Why is the word 'slut' so powerful?
Women in North America have been marching over the use of the word "slut". But why does the word have the power to arouse so much passion?
Thousands of women in the US and Canada have marched in response to a Toronto police officer's comment that women should try not to dress like "sluts" to avoid being raped or victimised.
As well as opposing the notion that female victims may have helped provoke attacks, many of the women - who call their protests SlutWalks - are attempting to reclaim the word itself.
"Slut" is now commonly used on both sides of the Atlantic to refer to promiscuous women in a derogatory fashion.
Despite feminism and the sexual revolution, the word slut still reverberates with negative connotations linked to sexual promiscuity, and it is still applied predominantly to women rather than men.
"Historically, the term 'slut' has carried a predominantly negative connotation... whether dished out as a serious indictment of one's character or merely as a flippant insult, the intent behind the word is always to wound, so we're taking it back," a statement on the SlutWalk website reads. "'Slut' is being re-appropriated."
So far, SlutWalks have taken place in Canada and the US, but events are being planned in the UK and Australia.
This is part of a growing trend to "reclaim" words that have been given a negative connotation, says TV lexicographer Susie Dent.
"Gay culture reclaimed the word 'queer'," she says. "It is about picking these words up and using them with pride."
Psychoanalyst and social critic Susie Orbach says she loves the idea of woman trying to reclaim the world slut "in order to take the sting out of it".
"The problem with the word slut is that it has cut women off because they have an energy around their sexual desires and we are still so prejudiced about this. But if we reclaim the word, it simply becomes an issue of 'so what?'."
Many women argue that the very word slut is an embodiment of the double standards employed when discussing the sexual appetites of women and men. Women are described as sluts, while men are often referred in a less derogatory light as "studs" or a "ladies man".
The word has managed to retain its currency, says Susie Dent.
"Words like tarty or strumpet appear very old-fashioned but slut seems to still have a powerful connotation," she says.
"This could partly be because it is short and pithy and you can say it with power. Also, it has never deviated from its original roots.
According to the Oxford English Dictionary, the word "slut" has a number of meanings. From the Middle Ages onwards, it was used to describe "a woman of dirty, slovenly, or untidy habits or appearance". This is a meaning that many older people would use it for even now.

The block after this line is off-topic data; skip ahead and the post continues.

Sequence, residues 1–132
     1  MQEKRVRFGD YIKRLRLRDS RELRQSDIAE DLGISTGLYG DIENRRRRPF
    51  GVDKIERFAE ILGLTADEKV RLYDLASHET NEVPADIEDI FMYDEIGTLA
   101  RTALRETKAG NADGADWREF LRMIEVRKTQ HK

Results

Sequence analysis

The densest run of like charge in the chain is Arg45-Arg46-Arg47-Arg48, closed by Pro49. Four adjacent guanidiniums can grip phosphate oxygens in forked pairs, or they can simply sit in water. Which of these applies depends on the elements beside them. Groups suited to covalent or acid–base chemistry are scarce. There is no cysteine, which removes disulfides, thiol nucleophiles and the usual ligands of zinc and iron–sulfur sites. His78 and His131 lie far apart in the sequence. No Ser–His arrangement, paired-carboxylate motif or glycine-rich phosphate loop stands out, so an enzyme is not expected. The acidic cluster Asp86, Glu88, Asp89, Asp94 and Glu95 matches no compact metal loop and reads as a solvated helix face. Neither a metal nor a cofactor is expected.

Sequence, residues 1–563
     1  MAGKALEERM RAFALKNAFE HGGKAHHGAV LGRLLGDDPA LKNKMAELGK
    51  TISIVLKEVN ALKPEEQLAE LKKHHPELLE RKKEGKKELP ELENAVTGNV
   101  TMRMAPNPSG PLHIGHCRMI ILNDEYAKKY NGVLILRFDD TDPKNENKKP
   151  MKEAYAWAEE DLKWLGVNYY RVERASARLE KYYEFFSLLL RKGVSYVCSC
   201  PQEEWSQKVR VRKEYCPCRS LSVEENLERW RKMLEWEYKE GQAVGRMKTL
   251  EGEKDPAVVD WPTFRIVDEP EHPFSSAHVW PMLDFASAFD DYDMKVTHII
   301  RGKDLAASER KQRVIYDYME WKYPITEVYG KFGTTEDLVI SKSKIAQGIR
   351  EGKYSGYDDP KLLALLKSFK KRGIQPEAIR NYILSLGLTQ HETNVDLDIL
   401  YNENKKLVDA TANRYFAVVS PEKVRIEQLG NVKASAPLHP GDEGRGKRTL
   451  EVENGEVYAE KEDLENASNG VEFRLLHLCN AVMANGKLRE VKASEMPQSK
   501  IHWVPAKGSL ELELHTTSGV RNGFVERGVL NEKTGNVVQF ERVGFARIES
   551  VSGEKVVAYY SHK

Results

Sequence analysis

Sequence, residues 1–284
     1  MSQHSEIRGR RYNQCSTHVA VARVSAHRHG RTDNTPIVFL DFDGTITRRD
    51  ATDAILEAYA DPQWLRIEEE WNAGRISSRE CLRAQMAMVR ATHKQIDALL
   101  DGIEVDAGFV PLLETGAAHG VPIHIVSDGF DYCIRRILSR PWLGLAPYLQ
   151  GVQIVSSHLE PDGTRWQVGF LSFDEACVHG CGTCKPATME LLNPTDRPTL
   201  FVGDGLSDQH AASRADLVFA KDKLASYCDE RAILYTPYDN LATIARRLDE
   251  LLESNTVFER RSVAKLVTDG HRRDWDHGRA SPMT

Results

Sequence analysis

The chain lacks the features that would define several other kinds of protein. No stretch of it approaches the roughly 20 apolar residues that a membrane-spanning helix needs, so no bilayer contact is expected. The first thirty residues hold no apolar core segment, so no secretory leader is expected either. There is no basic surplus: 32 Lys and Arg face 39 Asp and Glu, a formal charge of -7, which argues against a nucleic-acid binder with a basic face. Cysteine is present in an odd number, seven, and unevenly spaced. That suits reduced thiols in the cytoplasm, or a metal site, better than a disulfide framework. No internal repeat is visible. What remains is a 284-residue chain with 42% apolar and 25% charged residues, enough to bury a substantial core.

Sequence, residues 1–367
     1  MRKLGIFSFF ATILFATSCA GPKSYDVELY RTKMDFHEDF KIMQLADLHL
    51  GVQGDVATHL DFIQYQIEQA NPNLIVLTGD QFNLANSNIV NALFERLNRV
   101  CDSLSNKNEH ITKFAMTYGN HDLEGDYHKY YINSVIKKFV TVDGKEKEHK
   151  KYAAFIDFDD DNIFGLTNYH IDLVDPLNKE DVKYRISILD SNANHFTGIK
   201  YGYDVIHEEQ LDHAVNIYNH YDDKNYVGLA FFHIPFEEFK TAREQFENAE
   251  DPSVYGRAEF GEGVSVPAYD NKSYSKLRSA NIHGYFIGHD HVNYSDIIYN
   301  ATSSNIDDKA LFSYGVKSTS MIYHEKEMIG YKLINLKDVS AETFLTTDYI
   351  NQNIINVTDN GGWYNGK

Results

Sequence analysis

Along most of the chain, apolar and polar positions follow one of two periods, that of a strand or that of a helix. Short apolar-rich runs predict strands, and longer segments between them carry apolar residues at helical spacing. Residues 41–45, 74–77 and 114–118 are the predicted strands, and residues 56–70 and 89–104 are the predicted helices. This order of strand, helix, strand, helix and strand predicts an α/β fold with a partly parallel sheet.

"The earliest citation of the word was 1402," says Lisa Sutherland, commissioning editor at Collins Language. It was used by Thomas Hoccleve in the Letter of Cupid to describe someone who was slovenly or dirty.
"It was definitely a pejorative reference," says Sutherland, "but it wasn't always used in that way". Samuel Pepys referred to his servant girl as being an "admirable slut" in a playful, affectionate way in 1664, says Sutherland. "John Bunyan also used it playfully in 1678."
Its alternative meaning describing a "woman of a low or loose character" or a "bold or impudent girl or a hussy" was first cited in the late 15th Century, but it wasn't until the 19th Century that this usage really began to develop. Charles Dickens, for example, used it in Nicholas Nickleby.
"There was a big spike in its use in the early 1920s," says Sutherland. "This was just after the end of World War I. Women had gained independence, this might have frightened men because women were encroaching on areas they used to dominate. Women were going out, they were drinking and they were being referred to in a derogatory way."
According to Collins, there was also a spike in the 1980s.
"According to our records, common references were 'little slut' and 'cheap slut'," says Sutherland.
The alternative meaning had a slight resurgence in the 1960s, when journalist and broadcaster Katharine Whitehorn identified herself with the "slovenly women" in an article entitled Sluts.
"Have you ever taken anything out of the dirty-clothes basket because it had become, relatively, the cleaner thing? Changed stockings in a taxi? Could you try on clothes in any shop, any time, without worrying about your underclothes? How many things are in the wrong room - cups in the study, boots in the kitchen?" she wrote.
The right answers, said Whitehorn, make "you one of us: the miserable, optimistic, misunderstood race of sluts."
But today in the UK, it is probably only your grandmother who will continue to use this reference.
Language has the capacity to change, but will the efforts of the women behind the SlutWalk be successful?
"It has a good chance of being reclaimed by the 'right' people," says Dent. "But it will remain offensive if it is used by someone not in that group, by those outside the 'in crowd'."